It may be cynical: I am sure I shall be told it is selfish; but I will spend my money as I please and for my own intimate personal gratification, and should count myself a nincompoop indeed to lay out the colour of a halfpenny on any fancied social decency or duty. I shall not wear gloves unless my hands are cold, or unless I am born with a delight in them. Dress is my own affair, and that of one other in the world; that, in fact and for an obvious reason, of any woman who shall chance to be in love with me. I shall lodge where I have a mind. If I do not ask society to live with me, they must be silent; and even if I do, they have no further right but to refuse the invitation! There is a kind of idea abroad that a man must live up to his station, that his house, his table, and his toilette, shall be in a ratio of equivalence, and equally imposing to the world. If this is in the Bible, the passage has eluded my inquiries. If it is not in the Bible, it is nowhere but in the heart of the fool. Throw aside this fancy. See what you want, and spend upon that; distinguish what you do not care about, and spend nothing upon that. There are not many people who can differentiate wines above a certain and that not at all a high price. Are you sure you are one of these? Are you sure you prefer cigars at sixpence each to pipes at some fraction of a farthing? Are you sure you wish to keep a gig? Do you care about where you sleep, or are you not as much at your ease in a cheap lodging as in an Elizabethan manor-house? Do you enjoy fine clothes? It is not possible to answer these questions without a trial; and there is nothing more obvious to my mind, than that a man who has not experienced some ups and downs, and been forced to live more cheaply than in his father's house, has still his education to begin. Let the experiment be made, and he will find to his surprise that he has been eating beyond his appetite up to that hour; that the cheap lodging, the cheap tobacco, the rough country clothes, the plain table, have not only no power to damp his spirits, but perhaps give him as keen pleasure in the using as the dainties that he took, betwixt sleep and waking, in his former callous and somnambulous submission to wealth.

The true Bohemian, a creature lost to view under the imaginary Bohemians of literature, is exactly described by such a principle of life. The Bohemian of the novel, who drinks more than is good for him and prefers anything to work, and wears strange clothes, is for the most part a respectable Bohemian, respectable in disrespectability, living for the outside, and an adventurer. But the man I mean lives wholly to himself, does what he wishes, and not what is thought proper, buys what he wants for himself, and not what is thought proper, works at what he believes he can do well and not what will bring him in money or favour. You may be the most respectable of men, and yet a true Bohemian. And the test is this: a Bohemian, for as poor as he may be, is always open-handed to his friends; he knows what he can do with money and how he can do without it, a far rarer and more useful knowledge; he has had less, and continued to live in some contentment; and hence he cares not to keep more, and shares his sovereign or his shilling with a friend. The poor, if they are generous, are Bohemian in virtue of their birth. Do you know where beggars go? Not to the great houses where people sit dazed among their thousands, but to the doors of poor men who have seen the world; and it was the widow who had only two mites, who cast half her fortune into the treasury.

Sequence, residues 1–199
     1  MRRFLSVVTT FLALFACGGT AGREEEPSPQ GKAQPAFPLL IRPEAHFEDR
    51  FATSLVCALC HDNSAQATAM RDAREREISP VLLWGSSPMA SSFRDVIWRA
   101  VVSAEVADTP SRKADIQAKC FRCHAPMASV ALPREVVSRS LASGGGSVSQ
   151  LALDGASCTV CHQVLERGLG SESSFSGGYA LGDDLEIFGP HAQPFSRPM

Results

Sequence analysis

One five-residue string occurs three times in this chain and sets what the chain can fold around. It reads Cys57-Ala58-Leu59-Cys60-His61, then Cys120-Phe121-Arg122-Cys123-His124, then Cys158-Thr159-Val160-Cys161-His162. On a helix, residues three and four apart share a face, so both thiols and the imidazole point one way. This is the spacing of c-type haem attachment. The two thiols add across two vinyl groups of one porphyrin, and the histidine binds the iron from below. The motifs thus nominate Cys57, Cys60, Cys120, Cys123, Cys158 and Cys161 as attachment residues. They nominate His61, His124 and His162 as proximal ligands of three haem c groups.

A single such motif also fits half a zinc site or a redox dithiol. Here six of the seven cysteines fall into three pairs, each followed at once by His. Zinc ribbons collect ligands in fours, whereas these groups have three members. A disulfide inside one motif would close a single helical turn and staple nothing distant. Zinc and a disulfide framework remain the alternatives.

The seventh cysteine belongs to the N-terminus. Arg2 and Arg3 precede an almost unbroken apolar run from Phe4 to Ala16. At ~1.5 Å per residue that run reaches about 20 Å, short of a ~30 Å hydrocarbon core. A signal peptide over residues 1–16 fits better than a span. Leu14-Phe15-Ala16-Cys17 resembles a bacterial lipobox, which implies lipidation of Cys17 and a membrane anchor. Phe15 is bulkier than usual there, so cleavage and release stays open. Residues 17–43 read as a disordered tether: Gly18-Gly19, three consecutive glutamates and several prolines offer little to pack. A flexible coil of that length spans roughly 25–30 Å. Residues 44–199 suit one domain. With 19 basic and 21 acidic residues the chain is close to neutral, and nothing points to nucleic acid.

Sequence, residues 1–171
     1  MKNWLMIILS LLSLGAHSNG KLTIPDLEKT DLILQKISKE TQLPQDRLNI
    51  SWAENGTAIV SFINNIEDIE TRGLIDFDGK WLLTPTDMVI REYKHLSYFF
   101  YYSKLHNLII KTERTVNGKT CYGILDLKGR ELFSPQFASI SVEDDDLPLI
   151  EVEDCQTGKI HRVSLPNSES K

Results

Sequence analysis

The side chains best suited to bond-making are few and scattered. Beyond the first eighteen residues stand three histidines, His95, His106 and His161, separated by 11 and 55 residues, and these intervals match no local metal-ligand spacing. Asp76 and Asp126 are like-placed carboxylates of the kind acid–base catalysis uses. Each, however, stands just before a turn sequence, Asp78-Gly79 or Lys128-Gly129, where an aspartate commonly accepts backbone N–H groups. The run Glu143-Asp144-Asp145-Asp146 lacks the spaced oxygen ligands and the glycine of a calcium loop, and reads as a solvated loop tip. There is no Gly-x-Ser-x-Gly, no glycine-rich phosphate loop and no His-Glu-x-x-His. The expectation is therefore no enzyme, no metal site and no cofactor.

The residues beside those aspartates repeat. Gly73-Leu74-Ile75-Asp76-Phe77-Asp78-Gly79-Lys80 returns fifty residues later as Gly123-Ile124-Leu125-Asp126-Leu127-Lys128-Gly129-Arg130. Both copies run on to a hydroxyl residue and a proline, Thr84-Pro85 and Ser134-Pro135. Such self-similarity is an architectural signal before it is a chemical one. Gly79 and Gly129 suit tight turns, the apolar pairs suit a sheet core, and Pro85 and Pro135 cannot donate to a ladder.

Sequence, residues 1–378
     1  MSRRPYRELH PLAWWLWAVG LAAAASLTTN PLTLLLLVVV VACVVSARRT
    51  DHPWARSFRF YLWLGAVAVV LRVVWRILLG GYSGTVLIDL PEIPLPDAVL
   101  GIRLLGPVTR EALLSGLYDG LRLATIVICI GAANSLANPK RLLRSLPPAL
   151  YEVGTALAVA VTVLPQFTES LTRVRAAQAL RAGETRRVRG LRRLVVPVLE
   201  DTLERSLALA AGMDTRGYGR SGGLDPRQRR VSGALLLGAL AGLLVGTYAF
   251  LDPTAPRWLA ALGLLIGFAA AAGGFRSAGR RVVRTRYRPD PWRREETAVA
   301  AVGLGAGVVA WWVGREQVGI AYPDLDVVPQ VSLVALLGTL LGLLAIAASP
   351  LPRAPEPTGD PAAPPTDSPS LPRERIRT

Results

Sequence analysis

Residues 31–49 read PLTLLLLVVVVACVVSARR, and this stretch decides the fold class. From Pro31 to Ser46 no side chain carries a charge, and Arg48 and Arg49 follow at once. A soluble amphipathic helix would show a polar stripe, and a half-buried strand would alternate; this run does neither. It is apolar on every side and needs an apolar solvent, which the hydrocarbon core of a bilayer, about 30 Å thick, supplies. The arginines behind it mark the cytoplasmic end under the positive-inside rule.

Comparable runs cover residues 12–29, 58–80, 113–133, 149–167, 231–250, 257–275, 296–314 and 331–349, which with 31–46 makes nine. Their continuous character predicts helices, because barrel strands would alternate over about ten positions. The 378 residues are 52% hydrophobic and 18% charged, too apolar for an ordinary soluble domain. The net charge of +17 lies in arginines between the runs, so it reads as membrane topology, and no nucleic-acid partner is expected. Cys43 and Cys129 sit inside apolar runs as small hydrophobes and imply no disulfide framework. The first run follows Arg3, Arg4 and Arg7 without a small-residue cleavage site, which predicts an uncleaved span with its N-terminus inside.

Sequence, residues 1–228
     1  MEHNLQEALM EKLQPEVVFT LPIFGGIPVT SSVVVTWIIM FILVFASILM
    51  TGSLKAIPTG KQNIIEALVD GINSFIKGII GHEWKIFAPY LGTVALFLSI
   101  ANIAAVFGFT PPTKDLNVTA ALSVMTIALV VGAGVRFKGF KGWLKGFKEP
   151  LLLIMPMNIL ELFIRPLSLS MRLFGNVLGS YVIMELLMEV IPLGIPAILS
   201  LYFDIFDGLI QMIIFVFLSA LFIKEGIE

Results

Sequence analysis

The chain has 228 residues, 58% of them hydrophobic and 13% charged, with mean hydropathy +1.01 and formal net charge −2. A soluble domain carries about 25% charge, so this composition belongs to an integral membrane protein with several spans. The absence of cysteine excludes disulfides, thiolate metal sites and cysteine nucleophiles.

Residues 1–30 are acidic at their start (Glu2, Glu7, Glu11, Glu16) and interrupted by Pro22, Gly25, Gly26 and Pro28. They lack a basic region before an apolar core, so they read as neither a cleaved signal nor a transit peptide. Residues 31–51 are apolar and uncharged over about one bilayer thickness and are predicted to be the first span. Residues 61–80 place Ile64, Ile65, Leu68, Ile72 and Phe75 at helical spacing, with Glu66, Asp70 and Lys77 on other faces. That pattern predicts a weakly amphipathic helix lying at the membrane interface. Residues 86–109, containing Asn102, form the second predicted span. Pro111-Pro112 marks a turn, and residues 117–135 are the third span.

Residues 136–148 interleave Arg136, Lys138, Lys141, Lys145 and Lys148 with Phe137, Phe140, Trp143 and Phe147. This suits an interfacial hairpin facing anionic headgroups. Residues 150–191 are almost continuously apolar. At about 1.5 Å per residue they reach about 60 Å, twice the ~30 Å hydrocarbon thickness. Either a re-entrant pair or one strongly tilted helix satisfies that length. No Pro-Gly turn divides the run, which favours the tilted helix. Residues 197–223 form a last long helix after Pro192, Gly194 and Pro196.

But a young man who elects to save on dress or on lodging, or who in any way falls out of the level of expenditure which is common to his level in society, falls out of society altogether. I suppose the young man to have chosen his career on honourable principles; he finds his talents and instincts can be best contented in a certain pursuit; in a certain industry, he is sure that he is serving mankind with a healthy and becoming service; and he is not sure that he would be doing so, or doing so equally well, in any other industry within his reach.

Lay Morals and Other Papers Page 23

Robert Louis Stevenson

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Robert Louis Stevenson
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